Aim of study
This study aims to determine spectrum of LGIB in our region using lower GI endoscopy.
| Subjects and Methods|| |
This study was conducted at Dr. Prabhakar Kore's KLE Hospital and Medical Research Center Belgaum. Its retrospective study of 2-year period from August 2010 to July 2012. Forty-five patients were included in the study, who presented to gastroenterology outpatient department and medical and surgical wards. The clinical data of patients admitted with per rectal bleeding were collected including age, sex, site of bleeding, and the underlying cause. Patients with suspected upper GI source of bleeding; and acute infectious diarrhea were excluded from the study. All patients were subjected to fiberoptic colonoscopy after necessary preparation and findings were recorded. Biopsies taken from suspected lesions were clinically indicated. Diagnosis was based on colonoscopic. The following criteria have been suggested for identifying site of bleeding on colonoscopy:
- Active colonic bleeding
- Nonbleeding visible vessel
- Adherent clot
- Fresh blood localized to a colonic segment
- Ulceration of diverticulum with fresh blood in adjoining area
- Absence of fresh bleed in terminal ileum with fresh blood in the colon.
| Results|| |
During the 2-year period of the study, 45 patients with LGIB were admitted to the Department of Gastroenterology, 39 males and 6 females [Graph 1], with a mean age of 67.5 years (range, 60–85 years) [Graph 2]. The range of the level of hemoglobin on admission was 6.3–12.4 g/dl. The site of bleeding was in the perianal region in six patients (13.3%) and in colorectal region in 33 patients (33.73%). Regarding the perianal causes, the total number is six patients, four males and two females. Among patients four patients had hemorrhoids, which is common cause of per rectal bleeding bleed, one patient had rectal ulcer and proctitis in one patient.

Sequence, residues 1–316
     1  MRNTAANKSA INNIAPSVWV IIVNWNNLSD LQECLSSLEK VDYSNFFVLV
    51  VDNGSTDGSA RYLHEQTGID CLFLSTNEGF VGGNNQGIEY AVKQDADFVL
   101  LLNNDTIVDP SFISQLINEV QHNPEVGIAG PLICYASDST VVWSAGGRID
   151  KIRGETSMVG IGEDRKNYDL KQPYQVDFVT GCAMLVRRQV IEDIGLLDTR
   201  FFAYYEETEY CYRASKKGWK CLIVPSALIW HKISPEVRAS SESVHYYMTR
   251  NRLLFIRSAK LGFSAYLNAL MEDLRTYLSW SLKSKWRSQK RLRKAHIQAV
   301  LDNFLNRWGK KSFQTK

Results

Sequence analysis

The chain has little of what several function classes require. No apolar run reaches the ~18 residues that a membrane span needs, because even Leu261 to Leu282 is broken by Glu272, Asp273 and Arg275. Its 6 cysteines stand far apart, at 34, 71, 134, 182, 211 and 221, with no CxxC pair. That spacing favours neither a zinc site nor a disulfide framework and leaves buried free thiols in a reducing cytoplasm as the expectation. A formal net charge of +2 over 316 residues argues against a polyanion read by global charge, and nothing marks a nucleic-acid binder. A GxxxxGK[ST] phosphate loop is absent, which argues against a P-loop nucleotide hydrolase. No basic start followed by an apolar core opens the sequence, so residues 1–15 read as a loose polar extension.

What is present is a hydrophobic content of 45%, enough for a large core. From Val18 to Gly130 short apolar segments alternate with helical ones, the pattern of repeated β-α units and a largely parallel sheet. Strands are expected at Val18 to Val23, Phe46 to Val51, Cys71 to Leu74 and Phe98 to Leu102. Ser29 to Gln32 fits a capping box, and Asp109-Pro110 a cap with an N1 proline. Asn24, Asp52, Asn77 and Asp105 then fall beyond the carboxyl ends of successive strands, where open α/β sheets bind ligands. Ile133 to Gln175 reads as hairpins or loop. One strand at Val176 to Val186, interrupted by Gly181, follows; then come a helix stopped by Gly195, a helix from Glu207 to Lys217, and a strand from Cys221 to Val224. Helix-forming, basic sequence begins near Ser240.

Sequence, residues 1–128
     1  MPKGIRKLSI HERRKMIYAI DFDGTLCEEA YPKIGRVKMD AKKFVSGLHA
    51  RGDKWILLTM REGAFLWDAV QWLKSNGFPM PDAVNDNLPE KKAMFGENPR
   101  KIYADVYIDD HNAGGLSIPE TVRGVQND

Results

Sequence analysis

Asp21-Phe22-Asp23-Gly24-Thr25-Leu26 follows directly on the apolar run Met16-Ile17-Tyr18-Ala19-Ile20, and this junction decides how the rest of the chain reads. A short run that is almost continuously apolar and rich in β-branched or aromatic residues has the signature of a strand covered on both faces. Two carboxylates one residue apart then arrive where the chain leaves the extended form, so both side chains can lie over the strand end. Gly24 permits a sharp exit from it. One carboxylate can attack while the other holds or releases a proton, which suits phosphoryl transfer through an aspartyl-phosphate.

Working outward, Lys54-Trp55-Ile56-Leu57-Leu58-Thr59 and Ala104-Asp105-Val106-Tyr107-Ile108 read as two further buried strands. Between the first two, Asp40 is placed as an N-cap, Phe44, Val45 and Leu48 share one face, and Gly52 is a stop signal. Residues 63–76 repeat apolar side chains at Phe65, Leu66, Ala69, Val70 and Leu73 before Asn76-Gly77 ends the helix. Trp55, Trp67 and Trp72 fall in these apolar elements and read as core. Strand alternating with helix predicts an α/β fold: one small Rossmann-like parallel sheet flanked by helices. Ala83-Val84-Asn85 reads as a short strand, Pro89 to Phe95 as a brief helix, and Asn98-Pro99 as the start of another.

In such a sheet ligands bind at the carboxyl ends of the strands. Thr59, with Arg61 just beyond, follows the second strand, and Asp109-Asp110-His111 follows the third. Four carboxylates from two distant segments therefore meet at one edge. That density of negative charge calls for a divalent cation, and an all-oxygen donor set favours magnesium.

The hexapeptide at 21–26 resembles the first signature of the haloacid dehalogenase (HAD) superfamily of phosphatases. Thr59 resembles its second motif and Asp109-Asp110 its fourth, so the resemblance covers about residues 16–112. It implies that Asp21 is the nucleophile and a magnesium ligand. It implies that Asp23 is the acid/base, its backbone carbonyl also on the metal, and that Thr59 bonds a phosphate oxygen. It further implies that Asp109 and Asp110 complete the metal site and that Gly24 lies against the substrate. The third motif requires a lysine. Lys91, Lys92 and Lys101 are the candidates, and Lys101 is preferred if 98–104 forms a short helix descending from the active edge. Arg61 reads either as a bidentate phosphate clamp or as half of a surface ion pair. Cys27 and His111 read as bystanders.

In our study, the most common symptom was intermittent per rectal bleeding in 32 (71.7%) [Table 1] patients and second most common symptom was pain abdomen found in 15 (33.33%) followed by frank bleeding 13 (28.8%), loose motion nine patients and loss of appetite in 4%, constipation was present in 1 (2%), and drug history (nonsteroidal anti-inflammatory drugs [NSAIDs]) in 1 (2%) [Graph 3].
Colorectal causes were found in 33 patients (73.3%), there were 29 males and 4 females, with a mean age of 67.5 years (range, 60–85 years). Among 33 cases, carcinoma colon was seven and carcinoma rectum was six. Carcinoma was the most common cause for PR bleed 12 (26.6%) cases [Table 2], [Figure 1] and [Figure 2]. Different varieties of colitis, including ulcerative colitis 8 (17.7%), and nonspecific colitis 9 (20%) were the causes of bleeding in patients. Diverticulosis was found in 2 (4.4%) cases and sigmoid polyp 1 (2.2%), diffuse ileitis in 1 (2.2%) cases for PR bleeding. In 6 (13.3%) patients, no cause for PR bleeding was found on colonoscopy, one patient had altered blood on colonoscopy anemia was present in 22 (48.8%) patients [Graph 4]. Among 22 patients, two cases had severe anemia. One patient had carcinoma colon and one patient was ulcerative colitis. Three cases had moderate anemia and 23 (25.5%) had mild anemia.